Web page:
Quote Originally Posted by Gerald C Koch View Post
The use of ascorbic acid in the food industry is wide spread. Why, because it readily scavenges oxtgen and therefore protects other chemicals. Because of this it is unstable in solution so making up a concentrate solution is really of no help. As has been stated over and over again on APUG the main problem is Fenton oxidation which is catalysed by iron and copper in the chemicals themselves and in the water used to make up solutions. Use only de-ionized water for making up solutions. Do not use distilled water as this is often made using copper equipment. The stabilitry of ascorbates is improved with the use of certain chelating agents such as salicylic acid and TEA.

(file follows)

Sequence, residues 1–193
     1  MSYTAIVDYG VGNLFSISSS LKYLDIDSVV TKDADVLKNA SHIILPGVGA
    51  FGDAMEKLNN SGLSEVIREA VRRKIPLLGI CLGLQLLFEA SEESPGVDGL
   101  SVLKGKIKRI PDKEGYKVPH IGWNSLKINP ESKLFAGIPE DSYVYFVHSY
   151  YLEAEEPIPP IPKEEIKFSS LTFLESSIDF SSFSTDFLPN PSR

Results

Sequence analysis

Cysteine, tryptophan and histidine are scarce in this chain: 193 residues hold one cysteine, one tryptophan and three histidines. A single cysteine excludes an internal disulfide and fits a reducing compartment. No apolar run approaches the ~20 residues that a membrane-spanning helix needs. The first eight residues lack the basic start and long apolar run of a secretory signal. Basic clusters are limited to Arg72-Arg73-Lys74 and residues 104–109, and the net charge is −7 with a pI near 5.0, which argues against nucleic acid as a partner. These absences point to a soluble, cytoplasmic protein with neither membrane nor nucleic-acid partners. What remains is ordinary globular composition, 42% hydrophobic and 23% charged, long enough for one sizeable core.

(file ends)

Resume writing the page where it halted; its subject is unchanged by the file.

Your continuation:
My suggestions would be either to mix up the developer without the ascorbate and then weigh it just before use

OR

use the two chelating agents mentioned and use only de-ionized water.
Gerald, what is the difference between distilled, deionized, or distilled and deionized, or "equivalent to distilled" - presumably by reverse osmosis? I have always used distilled water, but now I'm wondering if perhaps rather than improving things vs tap water, my distilled water is the reason my XTOL always seems somewhat "weak" even when freshly mixed. Is that possible, of would Fenton oxidation only take place over time with storage. I'm confused about water.